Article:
Film review: Red State
Kevin Smith’s career has been a little hit-and-miss of late, and so, quite rightly, new offering Red State is beginning to turn heads.
Centred around the Five Points Baptist Church, an extreme fundamentalist Christian church who are killing homosexuals and other sinners/fornicators in God’s name on their compound, Red State is an allegory masquerading as a comedy of errors.
Its overall message is the ultimate futility of trying to impose your ‘morality’ on others.
The whole affair is held together by stand-out performances from Michael Parks as Abin Cooper, the twisted, maniacal preacher on a murder-trip Abin Cooper (based on real life crazy pastor Fred Phelps) and John Goodman as agent in a moral dilemma, Joseph Keenan.
These are stand-outs in cast who collectively put in solid and believable performances.
Seeing Smith dramatically depart from his usual comedic style – the bright colours and pop culture references are replaced by earthy tones and discussion of morality and scripture - Red State is a daring move from a director who had already found his niche.
This is in no way a mainstream movie, but Smith’s films never really have been with his attempts at satisfying the mass-audience resulting in his worst films (Jersey Girl, Cop Out).
The spoken word is still the driving point, and the dialogue is excellent as usual. But here Smith treads miles of new ground – big action sequences, horror-style tension and shaky hand-held camera shots.
To sell the concept a few obvious jokes and one-liners have been shoe-horned into the subtle dialogue of the script. These seem to fill little role other than being solid trailer-fodder and seem out of place, no matter how funny many of them are.
Despite its intentions Red State is not saying anything particularly ground-breaking but by moving out of his comfort-zone Smith has provided audiences with a genuinely worth-while and thought-provoking piece of art.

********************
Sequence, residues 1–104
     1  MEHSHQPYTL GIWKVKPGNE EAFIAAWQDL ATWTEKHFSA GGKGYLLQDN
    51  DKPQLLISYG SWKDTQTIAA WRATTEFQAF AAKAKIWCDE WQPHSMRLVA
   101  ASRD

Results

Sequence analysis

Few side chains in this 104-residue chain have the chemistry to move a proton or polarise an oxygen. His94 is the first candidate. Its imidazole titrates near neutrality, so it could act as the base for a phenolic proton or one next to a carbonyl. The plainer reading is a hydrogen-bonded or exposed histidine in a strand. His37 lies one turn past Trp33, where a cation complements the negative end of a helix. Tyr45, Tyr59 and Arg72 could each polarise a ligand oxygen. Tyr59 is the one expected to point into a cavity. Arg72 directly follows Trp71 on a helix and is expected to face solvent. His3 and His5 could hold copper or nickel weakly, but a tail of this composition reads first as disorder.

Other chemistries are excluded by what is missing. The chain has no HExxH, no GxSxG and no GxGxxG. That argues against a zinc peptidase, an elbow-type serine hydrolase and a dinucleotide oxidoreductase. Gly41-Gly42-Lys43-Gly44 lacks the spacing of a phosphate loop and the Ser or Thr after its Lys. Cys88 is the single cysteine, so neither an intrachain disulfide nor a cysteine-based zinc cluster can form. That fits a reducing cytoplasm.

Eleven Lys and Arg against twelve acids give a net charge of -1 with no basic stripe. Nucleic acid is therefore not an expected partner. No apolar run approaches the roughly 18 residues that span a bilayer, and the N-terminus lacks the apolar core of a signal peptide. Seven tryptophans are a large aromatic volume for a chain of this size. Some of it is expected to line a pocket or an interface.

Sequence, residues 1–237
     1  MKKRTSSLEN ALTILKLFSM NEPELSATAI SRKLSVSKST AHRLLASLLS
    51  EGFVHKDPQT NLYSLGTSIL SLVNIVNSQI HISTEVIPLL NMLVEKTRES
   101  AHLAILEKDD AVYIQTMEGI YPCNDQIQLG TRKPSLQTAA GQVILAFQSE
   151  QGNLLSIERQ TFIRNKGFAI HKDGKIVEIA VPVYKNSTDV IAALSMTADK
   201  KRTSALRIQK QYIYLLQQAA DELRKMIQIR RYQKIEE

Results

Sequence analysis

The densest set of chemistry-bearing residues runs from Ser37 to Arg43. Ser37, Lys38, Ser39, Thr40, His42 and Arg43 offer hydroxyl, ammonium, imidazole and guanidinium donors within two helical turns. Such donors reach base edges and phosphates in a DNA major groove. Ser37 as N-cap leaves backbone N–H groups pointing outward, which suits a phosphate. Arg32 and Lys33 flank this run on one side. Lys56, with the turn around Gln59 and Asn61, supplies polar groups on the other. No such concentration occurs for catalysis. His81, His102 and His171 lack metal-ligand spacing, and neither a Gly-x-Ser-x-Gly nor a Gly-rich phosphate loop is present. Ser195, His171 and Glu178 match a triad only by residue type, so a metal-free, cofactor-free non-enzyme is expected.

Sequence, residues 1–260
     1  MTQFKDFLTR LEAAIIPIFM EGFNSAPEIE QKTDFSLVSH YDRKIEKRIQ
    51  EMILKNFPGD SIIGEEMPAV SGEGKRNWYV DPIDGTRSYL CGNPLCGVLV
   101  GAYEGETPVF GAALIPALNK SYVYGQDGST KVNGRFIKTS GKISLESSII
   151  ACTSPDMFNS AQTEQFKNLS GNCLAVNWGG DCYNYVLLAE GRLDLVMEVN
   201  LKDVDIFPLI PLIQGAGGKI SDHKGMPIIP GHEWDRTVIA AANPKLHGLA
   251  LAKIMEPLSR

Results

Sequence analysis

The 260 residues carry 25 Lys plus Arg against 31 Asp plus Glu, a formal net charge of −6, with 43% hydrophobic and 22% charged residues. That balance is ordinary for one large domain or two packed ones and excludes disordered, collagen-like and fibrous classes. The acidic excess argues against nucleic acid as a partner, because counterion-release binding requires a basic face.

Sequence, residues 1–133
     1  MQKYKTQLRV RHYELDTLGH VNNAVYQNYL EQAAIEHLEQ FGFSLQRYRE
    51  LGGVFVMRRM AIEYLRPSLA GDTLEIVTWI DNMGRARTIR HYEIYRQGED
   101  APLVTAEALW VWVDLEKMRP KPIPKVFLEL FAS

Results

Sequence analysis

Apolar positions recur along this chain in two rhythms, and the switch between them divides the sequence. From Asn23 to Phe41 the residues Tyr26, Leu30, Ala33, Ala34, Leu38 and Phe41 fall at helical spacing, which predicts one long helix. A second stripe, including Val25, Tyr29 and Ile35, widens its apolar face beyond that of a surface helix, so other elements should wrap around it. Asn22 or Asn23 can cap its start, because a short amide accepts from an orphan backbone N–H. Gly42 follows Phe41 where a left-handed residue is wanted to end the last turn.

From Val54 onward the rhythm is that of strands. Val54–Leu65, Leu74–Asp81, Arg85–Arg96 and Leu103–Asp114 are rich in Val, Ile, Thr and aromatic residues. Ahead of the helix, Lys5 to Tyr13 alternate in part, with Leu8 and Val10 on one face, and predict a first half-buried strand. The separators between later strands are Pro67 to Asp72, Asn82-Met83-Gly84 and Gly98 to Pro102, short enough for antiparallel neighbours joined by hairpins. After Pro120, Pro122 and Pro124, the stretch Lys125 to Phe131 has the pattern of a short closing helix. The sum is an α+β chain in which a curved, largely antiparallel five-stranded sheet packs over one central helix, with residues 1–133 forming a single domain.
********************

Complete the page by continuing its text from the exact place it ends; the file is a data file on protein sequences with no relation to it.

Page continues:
A mix of horror, siege movie and a typical Smith comedy – Red State’s major flaw comes in not knowing exactly what it is. This defying genre is another bold and risky move from the director. It may leave many fans confused as to what it is they are viewing.
The transition between styles and ideas is not as smooth as it could be with some of it jolting back and forth, and the abrupt ending sells it all a little short but as a whole Red State largely works.
Calling on and mirroring real events and people this is Smith’s comment on the dangers of right-wing religious groups (or any fanatical, fundamentalist ideas) in the US today. Five Points is based directly on the controversial Westboro Baptist Church (which is even name dropped in the film) whose ‘God Hates Fags’ protests at funerals and extreme views have made headlines worldwide – Red State takes this kind of thinking to its logical, and violent conclusion.
In doing so Smith calls on the Waco siege, religious morality, sexual freedom and the controversial Patriot Act bringing forth a mass of talking points.
The problem is he raises an abundance of questions with no hint of his thoughts, or any solutions. But as a debate starter Red State does the job brilliantly.
As a brave and controversial addition to his cinematic stable Red State can be seen as a return to form for Smith.
If you are after mind-less action or horror fodder give Red State a miss, but for thought-provoking, interesting film making Red State is well worth a look.
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